Quote:In particular, Christianity claims that Christ died for our sins -- that his death redeemed everyone from original sin. He took all of our guilt upon himself and suffered the consequences so that we wouldn't have to. Now, I don't buy any of that -- I think it's utter bullshit -- but that's what Christianity claims. Jesus was a classic example of what a scapegoat is.

In one way the Jesus myth resembles classic scapegoat mythologies, but it’s where it doesn’t that makes it unique. In fact it may even be your familiarity with the christian myth, that leads you to believe that “innocence” was a required component of earlier sacrifice myths. You’re inclined to see them all as one and same, but starting from the lens of the gospels first, and that’s likely where you mistake arose.

Christian Myth, is an anti-scapegoating myth. It’s narrative of the victim, the sympathizers of the victim, declaring the innocence of the victim, and the culpability of those who nailed him there. The very thing in which one is asking forgiveness for, is for the murder itself, that sin that cumulated in him dying on the cross.

It’s a mythology akin to if black victims, the black families, and communities they belonged to, wrote a narrative declaring the innocence of the victim the mobs murdered, attempting to reveal the guilt and culpability of the mob itself. And offering forgiveness and reconciliation it’s wake.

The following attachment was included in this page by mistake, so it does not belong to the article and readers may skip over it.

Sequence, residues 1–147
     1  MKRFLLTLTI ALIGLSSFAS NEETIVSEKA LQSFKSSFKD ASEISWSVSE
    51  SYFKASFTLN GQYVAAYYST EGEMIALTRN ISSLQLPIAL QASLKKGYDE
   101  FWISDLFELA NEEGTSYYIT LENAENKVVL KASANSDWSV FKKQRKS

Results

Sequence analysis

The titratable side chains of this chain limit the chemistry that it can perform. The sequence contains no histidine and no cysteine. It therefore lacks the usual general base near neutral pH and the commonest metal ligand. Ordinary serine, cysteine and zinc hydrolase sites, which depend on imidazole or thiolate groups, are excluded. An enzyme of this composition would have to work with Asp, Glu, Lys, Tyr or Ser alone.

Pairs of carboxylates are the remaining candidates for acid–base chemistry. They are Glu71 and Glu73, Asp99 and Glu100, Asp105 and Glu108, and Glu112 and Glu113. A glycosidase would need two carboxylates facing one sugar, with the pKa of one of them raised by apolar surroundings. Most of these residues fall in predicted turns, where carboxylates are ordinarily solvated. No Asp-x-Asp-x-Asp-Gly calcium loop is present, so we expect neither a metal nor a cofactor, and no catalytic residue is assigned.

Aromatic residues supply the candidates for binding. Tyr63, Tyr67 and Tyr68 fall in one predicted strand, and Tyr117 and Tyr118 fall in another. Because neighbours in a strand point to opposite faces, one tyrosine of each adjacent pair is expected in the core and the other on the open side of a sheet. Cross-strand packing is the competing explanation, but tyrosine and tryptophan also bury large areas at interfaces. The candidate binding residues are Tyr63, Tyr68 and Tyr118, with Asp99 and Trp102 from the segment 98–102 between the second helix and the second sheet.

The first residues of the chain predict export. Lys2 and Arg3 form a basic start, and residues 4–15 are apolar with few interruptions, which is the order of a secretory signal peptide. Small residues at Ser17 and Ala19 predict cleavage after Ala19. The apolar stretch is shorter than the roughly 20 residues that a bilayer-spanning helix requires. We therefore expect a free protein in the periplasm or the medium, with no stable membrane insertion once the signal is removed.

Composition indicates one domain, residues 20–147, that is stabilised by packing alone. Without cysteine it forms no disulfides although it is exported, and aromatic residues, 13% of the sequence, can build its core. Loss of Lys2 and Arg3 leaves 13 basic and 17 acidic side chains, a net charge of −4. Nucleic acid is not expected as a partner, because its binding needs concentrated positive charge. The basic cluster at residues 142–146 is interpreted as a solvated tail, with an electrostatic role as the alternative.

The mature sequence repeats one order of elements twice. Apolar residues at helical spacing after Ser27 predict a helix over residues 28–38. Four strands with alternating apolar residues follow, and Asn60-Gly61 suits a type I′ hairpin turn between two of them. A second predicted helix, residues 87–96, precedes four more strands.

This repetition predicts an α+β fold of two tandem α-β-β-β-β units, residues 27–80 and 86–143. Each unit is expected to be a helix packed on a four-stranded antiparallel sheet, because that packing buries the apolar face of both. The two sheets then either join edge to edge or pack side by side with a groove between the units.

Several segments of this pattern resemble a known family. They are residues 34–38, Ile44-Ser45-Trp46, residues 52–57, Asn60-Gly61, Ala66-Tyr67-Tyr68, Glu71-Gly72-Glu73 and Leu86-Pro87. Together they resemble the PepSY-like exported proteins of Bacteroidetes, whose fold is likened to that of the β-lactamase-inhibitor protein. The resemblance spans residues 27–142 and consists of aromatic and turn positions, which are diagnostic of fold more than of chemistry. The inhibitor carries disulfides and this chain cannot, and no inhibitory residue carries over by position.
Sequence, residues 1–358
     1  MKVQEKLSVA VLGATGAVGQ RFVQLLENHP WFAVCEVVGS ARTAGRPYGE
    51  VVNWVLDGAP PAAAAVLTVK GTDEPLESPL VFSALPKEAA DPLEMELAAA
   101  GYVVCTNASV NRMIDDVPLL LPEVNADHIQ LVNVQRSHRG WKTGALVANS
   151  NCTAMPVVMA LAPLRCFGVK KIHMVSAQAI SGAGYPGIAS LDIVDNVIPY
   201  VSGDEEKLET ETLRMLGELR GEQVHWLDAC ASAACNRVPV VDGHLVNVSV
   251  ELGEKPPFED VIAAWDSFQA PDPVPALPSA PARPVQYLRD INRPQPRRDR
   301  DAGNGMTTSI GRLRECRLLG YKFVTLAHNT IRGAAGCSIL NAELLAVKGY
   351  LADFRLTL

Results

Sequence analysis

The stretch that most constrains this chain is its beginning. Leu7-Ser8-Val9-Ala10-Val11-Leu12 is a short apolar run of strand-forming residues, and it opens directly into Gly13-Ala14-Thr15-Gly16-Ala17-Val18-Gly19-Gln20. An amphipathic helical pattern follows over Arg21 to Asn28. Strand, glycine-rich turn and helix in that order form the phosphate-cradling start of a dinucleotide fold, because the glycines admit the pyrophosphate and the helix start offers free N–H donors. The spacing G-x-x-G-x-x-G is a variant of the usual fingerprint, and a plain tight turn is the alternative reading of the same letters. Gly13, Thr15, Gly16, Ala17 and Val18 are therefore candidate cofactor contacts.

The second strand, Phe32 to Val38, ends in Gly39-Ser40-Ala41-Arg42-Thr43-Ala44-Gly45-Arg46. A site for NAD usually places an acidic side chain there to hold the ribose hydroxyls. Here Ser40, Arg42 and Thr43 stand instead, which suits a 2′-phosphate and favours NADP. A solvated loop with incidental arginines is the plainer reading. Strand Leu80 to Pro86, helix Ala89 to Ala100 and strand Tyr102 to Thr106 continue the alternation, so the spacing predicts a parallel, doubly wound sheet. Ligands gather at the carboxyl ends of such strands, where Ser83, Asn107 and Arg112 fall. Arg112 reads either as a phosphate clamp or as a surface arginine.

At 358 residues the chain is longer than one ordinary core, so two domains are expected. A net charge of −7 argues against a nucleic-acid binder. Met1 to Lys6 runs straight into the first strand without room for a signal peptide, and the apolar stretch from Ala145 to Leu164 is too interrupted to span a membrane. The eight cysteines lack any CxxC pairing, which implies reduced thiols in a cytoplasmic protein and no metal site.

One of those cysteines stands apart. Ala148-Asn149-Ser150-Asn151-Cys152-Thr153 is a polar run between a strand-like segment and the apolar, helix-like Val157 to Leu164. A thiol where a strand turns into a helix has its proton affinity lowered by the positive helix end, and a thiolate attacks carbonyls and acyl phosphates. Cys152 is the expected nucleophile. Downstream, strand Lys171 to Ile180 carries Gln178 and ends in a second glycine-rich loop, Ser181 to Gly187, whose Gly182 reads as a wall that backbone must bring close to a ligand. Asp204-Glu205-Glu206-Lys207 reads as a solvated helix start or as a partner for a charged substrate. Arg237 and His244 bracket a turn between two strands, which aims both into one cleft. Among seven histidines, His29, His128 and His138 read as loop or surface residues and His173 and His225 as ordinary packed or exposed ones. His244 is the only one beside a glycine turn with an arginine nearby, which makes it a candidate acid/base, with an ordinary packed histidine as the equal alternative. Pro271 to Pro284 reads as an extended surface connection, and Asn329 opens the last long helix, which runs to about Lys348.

Traditional/pagan human sacrifice mythology is akin, to if it where the whites lynchers writing the story.

Christian myth is precisely scapegoating. It is derivative of OT scapegoating which is itself derivative of older religions. Your distinctions are illusory.

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Science is not a subject, but a method.
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18-05-2015, 01:39 PM
RE: Are there any novel concepts uniquely attributable to Christianity?
(18-05-2015 01:29 PM)Tomasia Wrote:  
(18-05-2015 01:02 PM)Grasshopper Wrote:  And when we make the claim that a scapegoat is necessarily an innocent victim, we are referring to the classic scapegoat in its original meaning -- not just someone who happens to be available when you need to vent.

Where do you derive the notion that the victim needed to be innocent? Rather than merely disposable, or vulnerable, or weak? You’re reading the innocence aspect back into the text. If “innocence” was a necessary component, than the mythologies of human sacrifices would likely of highlighted the innocence of their victims.